Danish food ingredients firm Danisco sees the European Union’s compromise on sugar reform as as a constructive negotiation result that will ensure the foundation for long-term planning in the sugar sector.
“We’re very pleased that the reform process is almost at its end now,” said executive vice president Mogens Granborg. “A new direction for the EU’s sugar policy is indeed necessary to ensure the competitive beet and sugar production in Europe and we agree with the main principles of the council’s decision.”
‘The commission’s initial proposal has been subject to some adjustments in the course of the negotiations, some of which are positive, some more negative,” he said. “For instance, we consider the extended period for implementing the price reduction, which turned out to be a little less than initially proposed, as a sensible solution, whereas we see a risk in extending the period for providing the high-rate restructuring aid in the case of factory closures, as it could lead to an increasing sugar surplus on the market for a longer period.”
‘It’s also clear that a number of important details remain unsettled at this late stage of the reform process,” he said. “We need clarification of the specific terms for exports and imports and for the production of sugar for non-food use.’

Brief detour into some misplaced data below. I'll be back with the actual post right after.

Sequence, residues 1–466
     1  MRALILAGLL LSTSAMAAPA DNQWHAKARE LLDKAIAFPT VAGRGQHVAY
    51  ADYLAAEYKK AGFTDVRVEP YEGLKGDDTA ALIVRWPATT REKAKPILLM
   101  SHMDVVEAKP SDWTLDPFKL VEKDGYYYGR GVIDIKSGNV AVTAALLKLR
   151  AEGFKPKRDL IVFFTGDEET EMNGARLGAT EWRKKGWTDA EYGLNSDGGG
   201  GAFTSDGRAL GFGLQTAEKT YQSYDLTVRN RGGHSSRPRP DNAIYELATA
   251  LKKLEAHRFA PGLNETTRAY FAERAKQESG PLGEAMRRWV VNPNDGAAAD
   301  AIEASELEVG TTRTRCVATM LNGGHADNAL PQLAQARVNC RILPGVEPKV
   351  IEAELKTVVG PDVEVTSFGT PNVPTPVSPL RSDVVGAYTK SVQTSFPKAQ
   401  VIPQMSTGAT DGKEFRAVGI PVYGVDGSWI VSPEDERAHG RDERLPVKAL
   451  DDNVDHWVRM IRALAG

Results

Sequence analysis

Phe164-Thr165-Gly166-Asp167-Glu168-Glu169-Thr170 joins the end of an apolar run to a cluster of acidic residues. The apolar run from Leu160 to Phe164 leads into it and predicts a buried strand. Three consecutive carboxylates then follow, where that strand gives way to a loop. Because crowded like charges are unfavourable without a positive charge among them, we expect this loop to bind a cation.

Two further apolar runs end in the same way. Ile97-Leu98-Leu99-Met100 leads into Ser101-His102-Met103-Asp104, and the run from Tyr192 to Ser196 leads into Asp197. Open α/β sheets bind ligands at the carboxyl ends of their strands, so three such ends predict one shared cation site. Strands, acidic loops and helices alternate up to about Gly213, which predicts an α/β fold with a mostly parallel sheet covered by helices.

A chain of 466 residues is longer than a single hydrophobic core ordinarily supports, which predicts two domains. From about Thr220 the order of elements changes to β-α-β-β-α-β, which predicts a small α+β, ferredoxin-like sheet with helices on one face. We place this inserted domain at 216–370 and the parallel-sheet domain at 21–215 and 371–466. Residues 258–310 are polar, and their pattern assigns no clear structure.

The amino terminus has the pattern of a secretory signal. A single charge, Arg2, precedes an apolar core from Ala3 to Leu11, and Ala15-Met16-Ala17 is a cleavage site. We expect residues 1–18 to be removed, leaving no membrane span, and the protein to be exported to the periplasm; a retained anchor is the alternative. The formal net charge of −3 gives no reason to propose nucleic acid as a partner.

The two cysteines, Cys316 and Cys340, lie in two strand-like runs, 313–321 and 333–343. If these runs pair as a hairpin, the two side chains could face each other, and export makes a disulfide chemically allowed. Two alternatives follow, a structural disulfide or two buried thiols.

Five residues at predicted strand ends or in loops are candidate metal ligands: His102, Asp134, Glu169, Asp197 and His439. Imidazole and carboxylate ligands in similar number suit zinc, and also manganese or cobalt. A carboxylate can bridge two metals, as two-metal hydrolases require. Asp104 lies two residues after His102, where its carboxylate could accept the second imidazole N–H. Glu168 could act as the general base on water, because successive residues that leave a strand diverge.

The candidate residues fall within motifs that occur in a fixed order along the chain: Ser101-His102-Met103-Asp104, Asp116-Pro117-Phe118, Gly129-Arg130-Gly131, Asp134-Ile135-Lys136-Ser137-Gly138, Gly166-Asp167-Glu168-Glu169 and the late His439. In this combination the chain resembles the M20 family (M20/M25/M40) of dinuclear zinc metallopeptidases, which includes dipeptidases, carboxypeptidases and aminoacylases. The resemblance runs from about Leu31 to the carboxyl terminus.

‘Much will also depend on how the growers will respond to the new conditions,” he said. “At Danisco we will now finalise our deliberations for the production adjustments and other efficiencies that we need to effect to secure our place among the European sugar elite going forward.”
“This will be done in close dialogue with our employees, beet growers and other stakeholders,” he said. “We will probably be into February or March before we have the full EU foundation allowing us to finalise the planning of these activities.”
“Danisco’s sugar business builds on a well-consolidated platform, which gives us strong potential to take advantage of the opportunities that will arise in the wake of the sugar reform, for example by entering new business areas and markets,” he said.
In a stock exchange notice of 22 June 2005 Danisco announced that it expected sugar earnings to stabilise around DKK600m (US$94.5m)-DKK750m once the sugar reform has been fully implemented. The council’s decision does not lead to any change of these expectations, it said.